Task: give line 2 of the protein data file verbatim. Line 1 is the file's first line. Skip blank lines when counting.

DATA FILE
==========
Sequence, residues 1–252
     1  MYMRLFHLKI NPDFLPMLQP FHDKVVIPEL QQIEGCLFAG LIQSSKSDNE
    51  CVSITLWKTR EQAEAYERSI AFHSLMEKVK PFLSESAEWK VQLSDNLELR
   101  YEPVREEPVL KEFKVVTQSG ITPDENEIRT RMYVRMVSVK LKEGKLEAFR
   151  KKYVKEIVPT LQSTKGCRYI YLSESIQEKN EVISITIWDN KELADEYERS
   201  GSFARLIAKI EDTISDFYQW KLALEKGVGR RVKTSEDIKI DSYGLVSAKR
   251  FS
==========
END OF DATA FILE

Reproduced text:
     1  MYMRLFHLKI NPDFLPMLQP FHDKVVIPEL QQIEGCLFAG LIQSSKSDNE